Monday, December 22, 2014

At the Aral lake or where it was 20 years ago (14.09.2014 - 15.09.2014)

Ever since hearing about the drying up of the Aral Sea I've been kind of fascinated with its fate. I don't know why but probably because it is kind of unbelievable that human kind could do such a thing to nature and therefore itself.

Back in the glorious days of the soviet republic it was decided that modern day Uzbekistan & Turkmenistan should be the cotton house of the union. With gigantic effort the Karakum canal was built to bring water into the desert with the same name. At the same time similar canals where built in what is now Kazakhstan. The result was a short period of world leadership in cotton production followed by a destroyed fishing and shipbuilding industry around what used to be the Aral Sea.

Once one of the four largest lakes in the world (almost twice the size of Switzerland) it is now at around a tenth of its former size. With the shrinking of the lake its previous harbours where left behind in the middle of nowhere. Muynak used to be a major fishing port but now lies more than 200km from the shoreline.
With the massive cotton production tremendous amounts of pesticides and defoliation substances (makes the cotton easier to pick, although not healthier...) end up in the tiny trickle which used to be the mighty Amur Darya.
All this mixed with the dust left behind from the receding lake gave way to the now infamous Aral Sea Dust Storms®. It gets credit for the high rate of respiratory illnesses and cancer in the region...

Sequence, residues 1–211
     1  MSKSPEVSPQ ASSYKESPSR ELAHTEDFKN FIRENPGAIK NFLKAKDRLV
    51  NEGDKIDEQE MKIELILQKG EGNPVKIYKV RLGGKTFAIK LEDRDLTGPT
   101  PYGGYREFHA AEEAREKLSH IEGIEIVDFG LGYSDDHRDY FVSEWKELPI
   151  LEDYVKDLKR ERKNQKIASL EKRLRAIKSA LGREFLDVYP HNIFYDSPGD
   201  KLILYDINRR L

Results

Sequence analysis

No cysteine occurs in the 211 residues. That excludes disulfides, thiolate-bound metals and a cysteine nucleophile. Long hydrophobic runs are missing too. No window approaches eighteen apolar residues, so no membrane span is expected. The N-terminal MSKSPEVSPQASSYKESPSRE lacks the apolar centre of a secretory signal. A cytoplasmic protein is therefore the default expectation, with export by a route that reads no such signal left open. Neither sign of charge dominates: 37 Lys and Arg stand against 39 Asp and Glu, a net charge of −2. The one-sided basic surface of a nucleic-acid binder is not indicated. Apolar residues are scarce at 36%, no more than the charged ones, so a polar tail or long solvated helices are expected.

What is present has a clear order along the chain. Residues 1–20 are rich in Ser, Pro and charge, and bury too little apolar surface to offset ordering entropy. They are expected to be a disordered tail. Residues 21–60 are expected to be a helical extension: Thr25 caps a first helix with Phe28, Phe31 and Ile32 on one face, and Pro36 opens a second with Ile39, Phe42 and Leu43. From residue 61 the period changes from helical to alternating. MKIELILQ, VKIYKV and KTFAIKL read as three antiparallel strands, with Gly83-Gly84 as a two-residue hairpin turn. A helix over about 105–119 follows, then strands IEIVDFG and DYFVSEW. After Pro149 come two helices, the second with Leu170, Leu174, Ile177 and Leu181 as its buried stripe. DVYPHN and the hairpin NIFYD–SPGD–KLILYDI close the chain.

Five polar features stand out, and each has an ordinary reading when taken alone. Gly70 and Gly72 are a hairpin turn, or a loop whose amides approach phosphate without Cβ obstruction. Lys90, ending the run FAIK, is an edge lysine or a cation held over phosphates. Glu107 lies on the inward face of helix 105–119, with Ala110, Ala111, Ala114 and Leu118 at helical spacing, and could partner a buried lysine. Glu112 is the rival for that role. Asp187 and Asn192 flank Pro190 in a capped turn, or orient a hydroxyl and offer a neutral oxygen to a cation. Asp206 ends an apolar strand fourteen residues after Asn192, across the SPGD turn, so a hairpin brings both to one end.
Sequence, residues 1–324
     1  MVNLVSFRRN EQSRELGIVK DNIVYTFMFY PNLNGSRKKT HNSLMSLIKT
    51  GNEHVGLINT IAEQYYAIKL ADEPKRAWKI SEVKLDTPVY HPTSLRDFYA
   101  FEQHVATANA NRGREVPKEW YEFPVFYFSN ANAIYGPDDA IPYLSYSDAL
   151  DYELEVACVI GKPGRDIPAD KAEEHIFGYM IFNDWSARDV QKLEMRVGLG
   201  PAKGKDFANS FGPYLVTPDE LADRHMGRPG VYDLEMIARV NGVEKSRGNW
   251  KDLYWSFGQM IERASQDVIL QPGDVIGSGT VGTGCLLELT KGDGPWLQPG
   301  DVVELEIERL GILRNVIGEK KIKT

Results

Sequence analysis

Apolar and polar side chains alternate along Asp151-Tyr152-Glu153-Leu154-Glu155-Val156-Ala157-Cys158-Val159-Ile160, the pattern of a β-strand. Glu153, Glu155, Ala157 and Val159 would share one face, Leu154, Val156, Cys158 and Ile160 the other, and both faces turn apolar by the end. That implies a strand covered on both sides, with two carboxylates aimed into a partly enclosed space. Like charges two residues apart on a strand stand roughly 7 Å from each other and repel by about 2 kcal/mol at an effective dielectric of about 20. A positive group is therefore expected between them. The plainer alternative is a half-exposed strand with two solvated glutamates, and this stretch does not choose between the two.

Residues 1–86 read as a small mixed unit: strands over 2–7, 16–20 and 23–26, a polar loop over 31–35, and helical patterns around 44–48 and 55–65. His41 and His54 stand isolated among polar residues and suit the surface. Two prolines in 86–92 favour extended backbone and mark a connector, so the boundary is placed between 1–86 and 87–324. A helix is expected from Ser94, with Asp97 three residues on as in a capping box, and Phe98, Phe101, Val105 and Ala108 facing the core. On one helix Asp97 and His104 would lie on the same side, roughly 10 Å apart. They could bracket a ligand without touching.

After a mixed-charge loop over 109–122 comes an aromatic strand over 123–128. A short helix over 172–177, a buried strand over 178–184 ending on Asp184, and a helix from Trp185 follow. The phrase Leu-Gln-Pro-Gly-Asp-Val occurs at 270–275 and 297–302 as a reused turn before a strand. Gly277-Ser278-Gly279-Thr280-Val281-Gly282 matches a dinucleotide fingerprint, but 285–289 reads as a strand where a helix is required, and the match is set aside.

On the north side Kazakhstan has built a dam to at least save the northern part of the lake. This together with improving the irrigation system and water proofing the canals (sic!) has helped to stabilise it. Further improvements are under way and maybe in a couple of years the former port of Aralsk may open again.

In the south however no such actions have been taken. =/

You should see the satellite pictures...
It was already getting dark when we arrived in Muynak, the former fishing village. We drove out into what used to be water and made camp amid a ground scattered in sea shells.
A cold night later we visited the ship graveyard and its memorial. Driving around town we found an old abandoned canning factory.
Now everything is in ruins but still people endure, makes you think what keeps them here...